At one point, the developers’ attorney asked for a postponement, which would have avoided a rejection. But the council then veered into the idea of an emergency medical services study that might have taken at least six months. The developers, who have worked with the city for 20 months, interpreted this as a stall. The vote went ahead. And we’ll see what happens.

Age discrimination?

I reached out on Wednesday to Rob Buehl, a member of the development team for the ACLF. Buehl told me that they are “considering everything,” including a lawsuit. He said O’Rourke’s comment amounted to “age discrimination.”

In an email, Buehl—who lives in Boca Raton—said O’Rourke and Mayotte “made their position on the elderly very clear. The ‘old geezer’ stereotype is an unjust and prejudicial generalization that assumes all older adults naturally become weak, sick and forgetful. This is what constitutes ageism.”

Regarding EMS calls, Buehl said, “This is a topic that should have never been raised in the CRA meeting. As a landowner, we are not required to fund or supply EMS services. Our property taxes pay for such services, and the city is required to provide them. In addition, every 911 call is paid for by the patient’s insurer.”

Buehl noted that the facility would not have opened for three years, giving the city time to “ramp up.” Since the city went on record stating that they cannot supply EMS,” he added, “I can only assume this is now precedent, and no other project will be approved until such services are brought to proper supply.”

To Mayotte’s comment that the facility would “overpower” the street, Buehl said, “That statement was completely false and made it obvious that no homework was done prior to the meeting. Directly across Sixth Street is a 249,795 square foot building. This project would have created balance not unbalance.” The ACLF would be roughly 172,000 square feet, including parking.

O’Rourke and Mayotte, Buehl said, “stated that this development would not add to the downtown vitality, yet the residents and visiting friends and family would have required all of the surrounding services, such as restaurants, doctors, retail, etc. It’s disheartening to learn of their ageist attitudes.”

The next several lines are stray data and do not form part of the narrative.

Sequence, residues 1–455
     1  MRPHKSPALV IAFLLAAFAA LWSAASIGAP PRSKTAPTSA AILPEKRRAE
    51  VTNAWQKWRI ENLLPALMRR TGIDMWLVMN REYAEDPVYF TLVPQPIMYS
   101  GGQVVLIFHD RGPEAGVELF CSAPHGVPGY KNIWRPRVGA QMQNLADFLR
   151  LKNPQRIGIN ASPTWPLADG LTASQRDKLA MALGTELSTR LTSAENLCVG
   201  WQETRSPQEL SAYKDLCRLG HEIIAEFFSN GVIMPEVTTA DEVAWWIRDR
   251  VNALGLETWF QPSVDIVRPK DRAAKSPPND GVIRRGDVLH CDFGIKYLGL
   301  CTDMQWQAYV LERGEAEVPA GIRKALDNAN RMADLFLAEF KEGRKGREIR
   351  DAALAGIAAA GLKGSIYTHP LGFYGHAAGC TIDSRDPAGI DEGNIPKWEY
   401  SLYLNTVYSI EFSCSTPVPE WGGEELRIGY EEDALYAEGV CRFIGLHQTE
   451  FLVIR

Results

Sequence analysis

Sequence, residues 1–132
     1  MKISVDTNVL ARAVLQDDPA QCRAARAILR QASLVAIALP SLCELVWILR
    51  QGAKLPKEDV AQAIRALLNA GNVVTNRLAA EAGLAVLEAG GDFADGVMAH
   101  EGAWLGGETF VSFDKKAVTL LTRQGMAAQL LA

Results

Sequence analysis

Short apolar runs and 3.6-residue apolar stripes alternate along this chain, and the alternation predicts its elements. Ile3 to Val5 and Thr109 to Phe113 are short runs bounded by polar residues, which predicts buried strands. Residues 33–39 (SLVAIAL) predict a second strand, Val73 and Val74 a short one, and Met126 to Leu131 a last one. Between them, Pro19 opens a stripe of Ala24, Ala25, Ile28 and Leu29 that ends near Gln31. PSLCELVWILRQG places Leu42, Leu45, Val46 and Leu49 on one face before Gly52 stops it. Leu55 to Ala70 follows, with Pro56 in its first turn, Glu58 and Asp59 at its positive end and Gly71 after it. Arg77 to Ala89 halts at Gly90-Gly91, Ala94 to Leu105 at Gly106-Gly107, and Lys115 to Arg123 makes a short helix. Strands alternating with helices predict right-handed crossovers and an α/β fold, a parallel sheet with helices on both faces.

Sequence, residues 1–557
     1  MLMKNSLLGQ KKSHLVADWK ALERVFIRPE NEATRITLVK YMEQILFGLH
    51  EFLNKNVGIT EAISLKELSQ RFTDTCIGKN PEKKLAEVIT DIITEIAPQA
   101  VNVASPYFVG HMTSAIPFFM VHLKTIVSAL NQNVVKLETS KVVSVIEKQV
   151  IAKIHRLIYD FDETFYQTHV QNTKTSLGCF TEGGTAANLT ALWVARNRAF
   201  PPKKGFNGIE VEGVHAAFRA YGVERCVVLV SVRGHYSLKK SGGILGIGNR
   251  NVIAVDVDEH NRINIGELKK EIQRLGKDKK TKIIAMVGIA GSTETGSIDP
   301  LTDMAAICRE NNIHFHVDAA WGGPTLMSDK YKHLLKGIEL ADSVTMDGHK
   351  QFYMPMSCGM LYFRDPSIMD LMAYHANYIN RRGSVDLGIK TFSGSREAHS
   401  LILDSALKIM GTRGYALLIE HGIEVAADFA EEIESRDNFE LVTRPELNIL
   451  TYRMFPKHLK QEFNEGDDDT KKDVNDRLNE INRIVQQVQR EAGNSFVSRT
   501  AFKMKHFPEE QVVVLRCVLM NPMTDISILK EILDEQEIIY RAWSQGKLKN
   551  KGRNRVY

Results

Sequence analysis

Emergency declaration

Politics may explain why a developer with no track record is getting a second chance to buy three acres of public land—at a discount of roughly 90 percent—on West Atlantic Avenue in Delray Beach. But if Uptown/Equity and the community redevelopment agency agree on the purchase next month, hurricanes and disease also will have played a major role.

In Delray Beach, development approvals are good for two years. Uptown/Equity got its approval in December 2015. Uptown Atlantic was a mixed-use project on the three blocks east of the Fairfield Inn.

In December 2016, however, the CRA terminated the purchase agreement because developer John Flynn, had not been able to show that he had financing. Under normal circumstances, his approval would have expired last December. If that had happened, Mayor Shelly Petrolia and others would not have been able to argue that Uptown/Equity could get done quicker than other bidders because the approvals were still in place.

Under state law, however, any declaration of emergency extends an approval by six months as long as the declaration covers the county in question. Many such declarations from the governor’s office apply statewide.

Since December 2015, Gov. Rick Scott has issued emergency declarations for, among other things, hurricanes Matthew and Irma, the Zika outbreak and the outbreak of toxic algae in Lake Okeechobee. As a result, Uptown/Equity’s approvals won’t expire until October of 2020. Those natural disasters and health scares haven’t helped Florida, but they might help Uptown/Equity.

Streater goes to court

The 21-year-old driver who killed four people in Delray Beach three months ago faces 11 felony charges, most of them for DUI manslaughter and vehicular homicide. Paul Wilson Streater was arrested Tuesday and made his first court appearance Wednesday.